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“Run” scripts
Keeping track of commands in coding projects
5 min. read

I recently came to appreciate a pattern, which helps me to keep track of commands that I frequently use in my repositories. I thought you might find it handy as well, so I wanted to share it with you. In the end, it’s nothing spectacular – just one of these small yet delightful things that contributes to making the development process a little more convenient.

For most of my projects I heavily rely on the command line to interact with the program I am working on: be it to start the main process, run the tests, install the dependencies, invoke the compiler or perform some other mandatory task while working on the project. These commands are not mere formalities – they represent the entrypoints into the project and as such should be treated like an inherent part of the repository. There is nothing more frustrating than checking out a code base and then being left clueless about how to get started or in which ways it is supposed to be used.

A common approach is to document commands in a README file. That, however, has the same disadvantage as any other form of documentation: it can get out of date all too quickly and there is no guarantee that it is complete to begin with. Apart from that it’s also not very pleasant to juggle around bare chunks of CLI commands taken from text files.

In software development there is a well-known way to make cumbersome things convenient and to condense unimportant details into something meaningful: abstractions. Why shouldn’t that idea be applicable to the CLI as well? It’s called interface for a reason, after all. We don’t need to be reminded all the time that our package manager is called “pip” (or “yarn”, “composer”, “nuget”, …) or what the filename suffix of our unit tests are. The only thing that matters is that we invoke something which installs dependencies or runs our tests. And hence, the name and API of this “something” should reflect these notions. Instead of pip install -r requirements.txt we should rather do:

$ ./run install

Let “run” take care of how to accomplish the installation.

The “run” script

The run command demonstrated above is a plain bash script that resides in the project root and is a comprehensive collection of all essential project-specific procedures. These are accessible through subcommands, like install. For a python project a “run” script might look like this one:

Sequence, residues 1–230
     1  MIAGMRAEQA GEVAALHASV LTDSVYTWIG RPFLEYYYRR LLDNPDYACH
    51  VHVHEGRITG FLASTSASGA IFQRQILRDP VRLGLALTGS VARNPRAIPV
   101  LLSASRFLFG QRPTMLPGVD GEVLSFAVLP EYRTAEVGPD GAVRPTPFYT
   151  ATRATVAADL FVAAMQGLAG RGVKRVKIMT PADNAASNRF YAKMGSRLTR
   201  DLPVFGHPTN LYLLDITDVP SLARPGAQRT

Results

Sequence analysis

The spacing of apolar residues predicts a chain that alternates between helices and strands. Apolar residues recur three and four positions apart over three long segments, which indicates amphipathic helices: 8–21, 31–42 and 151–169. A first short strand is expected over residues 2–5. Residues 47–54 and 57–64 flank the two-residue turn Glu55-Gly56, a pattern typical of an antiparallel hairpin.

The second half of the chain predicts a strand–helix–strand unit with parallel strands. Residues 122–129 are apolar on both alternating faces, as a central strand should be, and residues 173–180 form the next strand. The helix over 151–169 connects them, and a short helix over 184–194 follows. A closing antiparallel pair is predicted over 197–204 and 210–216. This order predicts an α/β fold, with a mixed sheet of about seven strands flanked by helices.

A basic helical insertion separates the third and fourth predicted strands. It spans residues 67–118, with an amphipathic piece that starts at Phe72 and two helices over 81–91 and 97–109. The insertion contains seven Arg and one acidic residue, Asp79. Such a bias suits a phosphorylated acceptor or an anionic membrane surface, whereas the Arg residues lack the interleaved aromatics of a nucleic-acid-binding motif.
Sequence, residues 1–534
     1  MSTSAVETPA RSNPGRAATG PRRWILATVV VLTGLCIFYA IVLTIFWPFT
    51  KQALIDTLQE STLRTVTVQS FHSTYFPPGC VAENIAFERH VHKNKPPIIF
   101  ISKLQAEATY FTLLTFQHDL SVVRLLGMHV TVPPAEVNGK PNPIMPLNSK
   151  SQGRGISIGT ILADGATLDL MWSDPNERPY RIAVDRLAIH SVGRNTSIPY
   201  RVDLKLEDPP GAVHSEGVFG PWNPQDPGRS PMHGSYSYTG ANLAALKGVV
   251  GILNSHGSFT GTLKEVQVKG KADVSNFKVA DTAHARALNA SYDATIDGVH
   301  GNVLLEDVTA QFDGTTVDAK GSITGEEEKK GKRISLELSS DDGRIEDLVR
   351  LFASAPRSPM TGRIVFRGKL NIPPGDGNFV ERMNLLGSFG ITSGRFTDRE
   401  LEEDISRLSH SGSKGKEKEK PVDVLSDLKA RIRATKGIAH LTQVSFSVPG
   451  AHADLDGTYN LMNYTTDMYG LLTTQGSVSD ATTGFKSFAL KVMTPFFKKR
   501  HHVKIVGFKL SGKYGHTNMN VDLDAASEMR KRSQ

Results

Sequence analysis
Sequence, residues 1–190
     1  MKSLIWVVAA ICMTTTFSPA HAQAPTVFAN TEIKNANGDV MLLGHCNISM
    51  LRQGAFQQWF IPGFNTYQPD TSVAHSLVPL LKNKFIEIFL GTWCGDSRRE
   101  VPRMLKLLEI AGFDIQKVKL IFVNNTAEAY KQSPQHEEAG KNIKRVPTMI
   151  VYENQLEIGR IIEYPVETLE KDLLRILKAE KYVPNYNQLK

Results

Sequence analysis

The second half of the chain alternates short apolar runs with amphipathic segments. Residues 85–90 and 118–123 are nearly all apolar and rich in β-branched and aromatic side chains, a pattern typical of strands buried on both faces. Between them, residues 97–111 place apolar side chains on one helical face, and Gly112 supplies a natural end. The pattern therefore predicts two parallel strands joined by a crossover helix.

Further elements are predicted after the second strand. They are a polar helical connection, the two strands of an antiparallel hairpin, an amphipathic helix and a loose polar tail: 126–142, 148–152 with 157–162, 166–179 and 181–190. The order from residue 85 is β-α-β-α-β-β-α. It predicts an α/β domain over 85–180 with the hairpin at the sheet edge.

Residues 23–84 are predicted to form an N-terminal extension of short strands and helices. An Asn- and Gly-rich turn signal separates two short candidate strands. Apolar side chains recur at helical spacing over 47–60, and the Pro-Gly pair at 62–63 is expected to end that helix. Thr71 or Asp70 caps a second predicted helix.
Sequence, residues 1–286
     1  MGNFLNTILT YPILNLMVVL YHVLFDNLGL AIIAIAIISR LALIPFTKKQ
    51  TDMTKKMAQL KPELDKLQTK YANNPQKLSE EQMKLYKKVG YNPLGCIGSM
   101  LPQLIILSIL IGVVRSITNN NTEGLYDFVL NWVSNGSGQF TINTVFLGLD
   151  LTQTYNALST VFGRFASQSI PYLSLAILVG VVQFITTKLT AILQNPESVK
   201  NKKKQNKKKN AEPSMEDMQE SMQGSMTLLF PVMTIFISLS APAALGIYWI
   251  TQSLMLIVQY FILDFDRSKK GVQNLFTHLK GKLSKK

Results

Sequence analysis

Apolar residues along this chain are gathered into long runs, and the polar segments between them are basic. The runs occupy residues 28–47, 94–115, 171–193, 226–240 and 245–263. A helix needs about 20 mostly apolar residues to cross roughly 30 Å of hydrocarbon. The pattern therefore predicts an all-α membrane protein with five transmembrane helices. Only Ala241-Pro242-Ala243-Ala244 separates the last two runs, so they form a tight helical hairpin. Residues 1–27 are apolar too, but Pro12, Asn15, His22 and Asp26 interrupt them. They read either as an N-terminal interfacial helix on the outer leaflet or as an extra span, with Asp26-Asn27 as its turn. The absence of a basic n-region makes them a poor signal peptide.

info() {
  echo "Requirements:"
  echo "- python 3.7.7"
  echo "- pip 20.0.2"

install() {
  pip install -r requirements.txt

start_server() {
  python src/

test() {
  python -m unittest -p "*" ${@}

$1 ${@:2}

The functions shown above are arbitrary examples of course. In the end, this is just a plain regular bash script. Think of it as a pattern to promote a neat, clean and self-documenting structure while imposing as little technical overhead as possible.

In case you are not so familiar with bash scripts, here are some quick explanations on the $ expressions. The last line is the most cryptic but also most important one, because it does the subcommand dispatching. $1 refers to the first process argument (which is the “subcommand”) and executes the corresponding function. ${@:2} is a bash expansion that extracts all but the first argument and hands them over to the invoked subcommand function. From within the function these arguments can be accessed in the same fashion, or passed through to another command via ${@} as demonstrated in the test() function.


Setting up such a script ticks some important boxes for me. First of all it’s technically very simple – storing bash commands in a bash script seems like a very obvious thing to do. Apart from that it is an effective way to neatly organise all essential commands and expose them in one prominent file at the project root. Underlying details are covered up unless they are of interest, while the subcommands themselves actually tell you something meaningful. They serve as a uniform way to discover how a program is supposed to be interacted with.

I don’t want to sound too much like a vacuum salesman, this isn’t a one-size-fits-all solution of course. For example, for some languages or workflows it might make more sense to create IDE-specific procedures. That’s totally fine and still better than not providing anything at all. On the other hand it should be carefully considered whether the usage of certain IDEs or other supplementary tools should be enforced (or at least promoted) or whether simpler alternatives can be provided. A bash script is practically universal and can be executed on most UNIX systems, regardless of what tools the individual developers prefer.

I don’t want to open a debate here, my essential point is this: code bases should be easy to get started with, especially when they are shared across multiple collaborators or worked on irregularly. That’s not only a matter of convenience (even though this is a strong factor), but it rather is a sign of project maturity and professionalism. Therefore it is important to provide clear, reproducible entrypoints and reduce the friction of setup to a minimum. All the better if that can be accomplished through code in a lightweight and approachable way.

I’m curious: how do you organise commands in your projects? Feel free to reach out and share your experiences with me, you find my email below.

My e-mail is: (Click anywhere to close.)